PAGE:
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Quote:
Originally Posted by edsg25 View Post
What are the geographic areas that make up your city's suburban area. What distinguishing characteristics do these areas have?

For example:

• New York: Long Island, Westchester, New Jersey

• Chicago: North Shore, North Suburbs, Northwest suburbs, West suburbs, Fox Valley, Southwest suburbs, South suburbs, NW IN

• San Francisco (for this...not so much suburbs but Bay Area regions): The Peninsula, Silicon Valley/San Jose, Oakland and the East Bay, Marin, Wine Country
I really don't know what you're getting at with this. You don't say anything about these groups.

Denver: North, south, east, west.

The northeast suburbs are more middle-income with some low income areas, more Hispanic (Adams County as a whole is 40% Hispanic, 50.1% Non-Hispanic white), tends to vote more Democratic. The northwest suburbs are typical suburbia. Jefferson County, on the west side of Denver, runs north-south. Some of the northern Jeffco burbs are among the older suburbs, older residents.

East suburbs: Mostly Aurora. Also more middle-income to low income. Largest African-American community in the metro, including Denver proper.

Southern suburbs: generally more conservative.

Western suburbs: Jefferson County, described above. Includes the unincorporated town of Evergreen in the foothils. Close in Jeffco typical suburbia. Some older burbs close to the city, e.g. Arvada, Wheat Ridge, Lakewood. Home of the Coors brewery in Golden.
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Old 01-11-2019, 08:53 PM
 
3,048 posts, read 1,796,503 times
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Quote:
Originally Posted by edsg25 View Post
Topper, did you even read what you quoted of my words where I actually wrote that in the Bay Area, these regions are not really suburbs. You managed in one short quote to completely negate what you were trying to assert?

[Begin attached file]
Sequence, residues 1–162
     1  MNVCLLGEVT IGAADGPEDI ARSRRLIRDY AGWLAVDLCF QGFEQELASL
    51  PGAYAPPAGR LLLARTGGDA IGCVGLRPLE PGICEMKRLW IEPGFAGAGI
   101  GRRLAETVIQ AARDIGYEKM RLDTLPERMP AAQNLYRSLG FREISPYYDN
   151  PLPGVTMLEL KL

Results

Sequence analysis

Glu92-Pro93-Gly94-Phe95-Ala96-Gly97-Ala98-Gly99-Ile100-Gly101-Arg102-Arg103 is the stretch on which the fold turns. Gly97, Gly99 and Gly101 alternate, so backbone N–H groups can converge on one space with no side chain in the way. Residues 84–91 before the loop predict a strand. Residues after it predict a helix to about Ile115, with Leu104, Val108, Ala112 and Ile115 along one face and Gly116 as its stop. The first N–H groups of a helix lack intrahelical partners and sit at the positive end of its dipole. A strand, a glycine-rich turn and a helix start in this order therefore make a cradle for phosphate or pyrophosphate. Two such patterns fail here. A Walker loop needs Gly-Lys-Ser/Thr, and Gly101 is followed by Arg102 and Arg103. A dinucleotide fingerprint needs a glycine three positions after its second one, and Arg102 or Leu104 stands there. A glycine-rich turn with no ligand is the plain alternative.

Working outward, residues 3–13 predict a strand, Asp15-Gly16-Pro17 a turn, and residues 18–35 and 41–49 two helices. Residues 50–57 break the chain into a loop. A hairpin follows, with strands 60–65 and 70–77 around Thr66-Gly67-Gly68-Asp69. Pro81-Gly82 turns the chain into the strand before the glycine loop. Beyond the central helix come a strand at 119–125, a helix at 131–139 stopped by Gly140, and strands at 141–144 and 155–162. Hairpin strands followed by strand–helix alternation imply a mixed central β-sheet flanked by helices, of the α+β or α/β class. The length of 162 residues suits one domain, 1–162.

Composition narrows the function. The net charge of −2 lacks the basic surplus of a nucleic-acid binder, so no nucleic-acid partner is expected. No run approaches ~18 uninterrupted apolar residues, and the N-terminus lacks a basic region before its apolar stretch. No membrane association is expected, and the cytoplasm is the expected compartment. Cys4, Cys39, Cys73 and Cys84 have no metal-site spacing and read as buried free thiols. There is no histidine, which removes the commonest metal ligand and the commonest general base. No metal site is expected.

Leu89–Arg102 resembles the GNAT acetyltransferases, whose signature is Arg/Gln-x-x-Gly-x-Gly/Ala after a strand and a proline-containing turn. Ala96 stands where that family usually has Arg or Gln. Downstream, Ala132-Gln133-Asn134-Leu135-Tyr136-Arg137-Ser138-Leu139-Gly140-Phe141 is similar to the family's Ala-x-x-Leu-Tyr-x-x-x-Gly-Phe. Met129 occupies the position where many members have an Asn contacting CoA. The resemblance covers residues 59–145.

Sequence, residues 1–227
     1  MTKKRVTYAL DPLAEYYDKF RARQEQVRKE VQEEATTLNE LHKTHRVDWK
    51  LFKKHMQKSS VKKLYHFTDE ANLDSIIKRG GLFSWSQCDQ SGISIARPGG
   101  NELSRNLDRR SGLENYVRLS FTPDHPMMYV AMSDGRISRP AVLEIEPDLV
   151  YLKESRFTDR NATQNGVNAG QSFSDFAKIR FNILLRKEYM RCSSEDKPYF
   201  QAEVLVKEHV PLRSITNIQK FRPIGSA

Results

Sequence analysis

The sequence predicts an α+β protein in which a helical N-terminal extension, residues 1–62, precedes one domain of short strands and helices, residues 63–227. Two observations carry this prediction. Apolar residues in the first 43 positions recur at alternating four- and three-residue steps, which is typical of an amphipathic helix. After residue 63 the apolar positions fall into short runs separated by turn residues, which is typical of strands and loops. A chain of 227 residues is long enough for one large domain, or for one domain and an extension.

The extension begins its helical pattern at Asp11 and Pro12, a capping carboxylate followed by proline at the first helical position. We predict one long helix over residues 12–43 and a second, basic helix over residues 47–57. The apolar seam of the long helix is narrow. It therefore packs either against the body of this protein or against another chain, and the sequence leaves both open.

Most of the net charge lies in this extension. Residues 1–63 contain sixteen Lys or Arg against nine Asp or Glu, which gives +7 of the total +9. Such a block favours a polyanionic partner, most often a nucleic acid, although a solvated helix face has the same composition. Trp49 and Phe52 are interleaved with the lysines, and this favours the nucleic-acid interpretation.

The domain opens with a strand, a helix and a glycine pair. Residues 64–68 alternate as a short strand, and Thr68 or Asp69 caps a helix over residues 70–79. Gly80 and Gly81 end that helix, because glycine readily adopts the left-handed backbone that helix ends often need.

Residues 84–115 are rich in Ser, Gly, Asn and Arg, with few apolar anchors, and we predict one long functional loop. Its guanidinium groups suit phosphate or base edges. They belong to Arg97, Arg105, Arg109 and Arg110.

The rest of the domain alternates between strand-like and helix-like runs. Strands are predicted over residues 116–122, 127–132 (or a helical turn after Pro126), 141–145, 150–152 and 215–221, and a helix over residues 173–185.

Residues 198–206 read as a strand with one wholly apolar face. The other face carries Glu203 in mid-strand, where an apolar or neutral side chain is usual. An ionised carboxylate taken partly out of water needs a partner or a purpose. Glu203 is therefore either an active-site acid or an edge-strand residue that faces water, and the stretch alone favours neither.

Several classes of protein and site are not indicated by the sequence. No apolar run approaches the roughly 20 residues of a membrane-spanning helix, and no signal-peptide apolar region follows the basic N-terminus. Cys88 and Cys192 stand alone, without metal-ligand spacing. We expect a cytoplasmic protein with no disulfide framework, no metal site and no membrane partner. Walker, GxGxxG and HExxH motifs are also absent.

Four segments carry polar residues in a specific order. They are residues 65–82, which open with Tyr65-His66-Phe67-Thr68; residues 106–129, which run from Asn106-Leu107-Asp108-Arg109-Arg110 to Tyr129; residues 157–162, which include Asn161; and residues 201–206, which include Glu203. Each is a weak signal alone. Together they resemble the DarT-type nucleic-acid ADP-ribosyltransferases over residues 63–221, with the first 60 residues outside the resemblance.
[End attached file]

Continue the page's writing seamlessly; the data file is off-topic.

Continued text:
Of course, there would be no Silicon Valley if there had been no Stanford, so I think technicalLy that makes San Jose a suburb of Palo Alto, the genises of Silicon Valley. San Jose really is in the shaddow of Palo Alto in technology.....just like San Jose is in the shaddow of East Lansing in Spartan Stadims.

But cheer up, Topper, San Jose will become the greatest city in California.....as soon as Sarah Winchester adds a 100 more rooms to her house.

Chicago actually is considered a suburb of Milwaukee, so you are really wrong on that one. Milwaukee is a great city...we’re proud to be its suburb.

Always love your input, Topper: it’s priceless.
SJ has absolutely nothing to do with SF, P.A is a suburb of San Jose, period. Simple as that. SJ is a true world class and one of the most dynamic cities in the world.
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Old 01-11-2019, 11:17 PM
 
Location: Washington State desert
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Seattle, being a small, but dense city logistically, has a tremendous number of suburbs.

The Eastside: (east of Lake Washington) Bellevue, Kirkland, Redmond, Woodinville, Mercer Island, Issaquah, Sammamish

Snohomish County: (north) Mountlake Terrace, Lynnwood, Edmonds, Bothell, Mill Creek, (Everett, an established old city).

The Southend: Renton, Burien, SeaTac, Tukwila, Kent, Des Moines, Auburn, Federal Way

Kitsap County: (west) Bremerton, Gig Harbor, Port Orchard, Poulsbo,

Pierce County: Tacoma, an established old city, Puyallup, Lakewood, Dupont,

Last edited by pnwguy2; 01-12-2019 at 12:18 AM..
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Old 01-12-2019, 03:51 AM
 
Location: Chicago
5,853 posts, read 6,524,415 times
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Quote:
Originally Posted by the topper View Post
SJ has absolutely nothing to do with SF, P.A is a suburb of San Jose, period. Simple as that. SJ is a true world class...... cities in the world.
Remove the "cl" and you may be on to something, topper.